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Yoga For a Healthy Spine

Elizabeth Rowan

If you’ve ever experienced back pain or discomfort, you’ll likely agree that a healthy back is easily taken for granted until, well, it no longer feels so healthy. According to the U.S. National Institute of Health, 8 in 10 Americans will experience back pain during their lifetime. Americans spend at least $50 billion annually on back pain, making it the most common cause of job-related disability and workplace absences in the country. The bad news: with statistics like these, if you’ve not already experienced back pain at some point in your life, it’s likely you will. The good news: whether you’re looking to prevent future back injury, soothe current back pain, or strengthen and maintain a healthy back and spine, yoga can help.

Yoga increases self-awareness, teaching and encouraging the exchange of bad habits such as poor posture for healthy ones. Slumping over your laptop? Yoga will remind you to sit tall and soften the shoulders. Leaning forward to send a text message? Yoga prompts you to gently stretch your hamstrings and psoas in order to lengthen the back body, perhaps standing taller with time and reversing the spinal curve.

Along with offering body awareness and postures to counter habitual movements, yoga targets specific areas of the body to stretch, condition and relieve tension. Yoga also provides a gentle yet effective option for re-entry into an exercise regimen following pain or injury, when stopping exercise altogether can be tempting and possibly result in chronic pain over time. A yoga practice for your back will often include preventative stretching of the back, abs and spine to build strength in the trunk (think core, upper legs, hips), increase stability and lighten the load carried by the spine and pelvis. A balancing practice by nature, yoga addresses both the front and back of the body to support an evenly fortified core, lengthening to counter compressed discs and curvature that often accompany a shortened front or back body and less than ideal posture.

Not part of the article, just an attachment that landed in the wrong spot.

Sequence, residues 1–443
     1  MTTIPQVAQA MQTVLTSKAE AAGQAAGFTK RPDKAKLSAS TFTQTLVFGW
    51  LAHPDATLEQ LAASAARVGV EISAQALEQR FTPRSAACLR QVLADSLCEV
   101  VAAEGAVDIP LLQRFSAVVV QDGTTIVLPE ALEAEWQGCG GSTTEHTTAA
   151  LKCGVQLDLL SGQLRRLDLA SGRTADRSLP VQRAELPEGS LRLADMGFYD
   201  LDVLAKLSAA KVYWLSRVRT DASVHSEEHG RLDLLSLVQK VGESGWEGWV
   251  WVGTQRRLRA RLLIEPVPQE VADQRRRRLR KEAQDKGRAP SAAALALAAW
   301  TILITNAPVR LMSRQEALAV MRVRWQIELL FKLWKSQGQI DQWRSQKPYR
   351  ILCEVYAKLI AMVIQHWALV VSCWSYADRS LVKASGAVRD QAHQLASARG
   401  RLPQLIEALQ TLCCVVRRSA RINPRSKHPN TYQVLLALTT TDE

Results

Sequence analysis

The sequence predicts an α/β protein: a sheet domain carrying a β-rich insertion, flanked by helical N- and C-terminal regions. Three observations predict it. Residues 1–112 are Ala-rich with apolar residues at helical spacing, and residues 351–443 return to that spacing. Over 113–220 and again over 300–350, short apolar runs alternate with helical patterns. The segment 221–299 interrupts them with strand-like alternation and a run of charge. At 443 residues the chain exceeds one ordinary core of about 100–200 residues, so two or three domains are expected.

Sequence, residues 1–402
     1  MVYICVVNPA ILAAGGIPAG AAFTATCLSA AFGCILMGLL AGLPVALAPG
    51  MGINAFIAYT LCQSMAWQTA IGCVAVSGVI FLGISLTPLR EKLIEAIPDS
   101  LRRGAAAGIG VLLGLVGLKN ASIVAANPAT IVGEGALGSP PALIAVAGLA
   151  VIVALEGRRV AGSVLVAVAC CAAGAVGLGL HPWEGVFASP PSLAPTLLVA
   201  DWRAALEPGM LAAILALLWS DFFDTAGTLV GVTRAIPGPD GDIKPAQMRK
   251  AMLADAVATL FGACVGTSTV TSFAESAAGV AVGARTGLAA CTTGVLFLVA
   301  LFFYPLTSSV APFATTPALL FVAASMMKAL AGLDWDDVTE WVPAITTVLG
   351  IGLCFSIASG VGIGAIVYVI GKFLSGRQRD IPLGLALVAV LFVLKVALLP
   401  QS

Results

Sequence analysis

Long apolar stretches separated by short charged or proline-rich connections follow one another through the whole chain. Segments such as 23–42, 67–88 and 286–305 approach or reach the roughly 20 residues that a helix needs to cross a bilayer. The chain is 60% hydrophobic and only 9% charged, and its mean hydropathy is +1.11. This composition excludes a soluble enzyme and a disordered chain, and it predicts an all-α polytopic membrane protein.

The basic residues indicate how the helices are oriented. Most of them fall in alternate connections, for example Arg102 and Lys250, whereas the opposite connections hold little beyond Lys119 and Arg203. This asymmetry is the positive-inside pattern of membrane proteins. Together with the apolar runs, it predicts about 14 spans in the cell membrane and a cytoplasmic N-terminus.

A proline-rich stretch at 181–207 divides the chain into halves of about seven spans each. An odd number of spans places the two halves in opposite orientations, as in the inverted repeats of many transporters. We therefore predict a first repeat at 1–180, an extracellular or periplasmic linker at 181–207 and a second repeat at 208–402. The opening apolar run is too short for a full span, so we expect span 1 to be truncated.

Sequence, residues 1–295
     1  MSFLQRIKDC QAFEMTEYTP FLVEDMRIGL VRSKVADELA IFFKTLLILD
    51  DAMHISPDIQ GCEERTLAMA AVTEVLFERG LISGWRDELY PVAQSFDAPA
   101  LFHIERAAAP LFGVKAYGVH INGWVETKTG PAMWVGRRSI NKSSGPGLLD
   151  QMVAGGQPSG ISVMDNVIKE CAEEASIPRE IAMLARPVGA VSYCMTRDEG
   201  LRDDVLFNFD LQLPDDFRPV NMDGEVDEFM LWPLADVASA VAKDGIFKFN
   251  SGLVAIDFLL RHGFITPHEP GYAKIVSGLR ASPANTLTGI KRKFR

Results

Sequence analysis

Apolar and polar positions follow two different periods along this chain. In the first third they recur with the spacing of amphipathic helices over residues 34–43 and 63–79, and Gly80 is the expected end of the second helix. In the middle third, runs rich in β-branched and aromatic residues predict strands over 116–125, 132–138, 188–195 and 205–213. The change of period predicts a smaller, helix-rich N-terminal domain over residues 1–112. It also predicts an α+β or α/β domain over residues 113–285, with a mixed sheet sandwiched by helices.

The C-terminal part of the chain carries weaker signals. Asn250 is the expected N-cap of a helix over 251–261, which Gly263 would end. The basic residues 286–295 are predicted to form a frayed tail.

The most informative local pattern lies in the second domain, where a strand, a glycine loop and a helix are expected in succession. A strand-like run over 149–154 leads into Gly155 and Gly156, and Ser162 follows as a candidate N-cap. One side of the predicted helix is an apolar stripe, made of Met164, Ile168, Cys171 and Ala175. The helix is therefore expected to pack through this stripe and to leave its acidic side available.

Yoga’s benefits for the back are many, and readily available to you with just a few postures. You will enhance your strength; improve spinal alignment and ease tension throughout the body. With regular practice, you’ll provide vital support to your body so that you’re able to walk tall again, and maintain health and peace in the body that is your temple.

The Practice Cat/Cow Pose (Marjariasana/ Bitilasana)

Benefits: Provides a full spinal stretch, balances the spinepelvis alignment, offers gentle spinal warm-up and relief to back tension and stiffness.

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Photographer: China Fagan

Begin on hands and knees, with wrists aligned directly underneath your shoulders and knees under hips. On an inhalation, drop the belly, lifting your tailbone, chest and gaze. On an exhalation, round the back, drawing your chin to chest, navel to spine, and tailbone under as pictured. Repeat 5-10 times, synchronizing each movement to flow smoothly with your breath. With this and all of the postures below, maintain breath through the nose.

Locust Pose (Shalabhasana)

Benefits: Opens chest and shoulders, strengthens the abs,  back and glutes, counters curvature of the spine and fatigue. Lie on your abdomen and rest on your forehead, extending your arms down by your sides with palms facing up. Draw your heels together on the floor. On an inhalation, lift your head, chest, arms, and legs upward, resting on your abdomen. Lengthen your legs back and up, draw your arms back by reaching actively through the fingertips and inviting the shoulder blades toward each other. Lengthen the back of the neck, taking the gaze forward or gently up. Hold for 5 breaths, lowering on an exhalation, and repeat 3-5 times.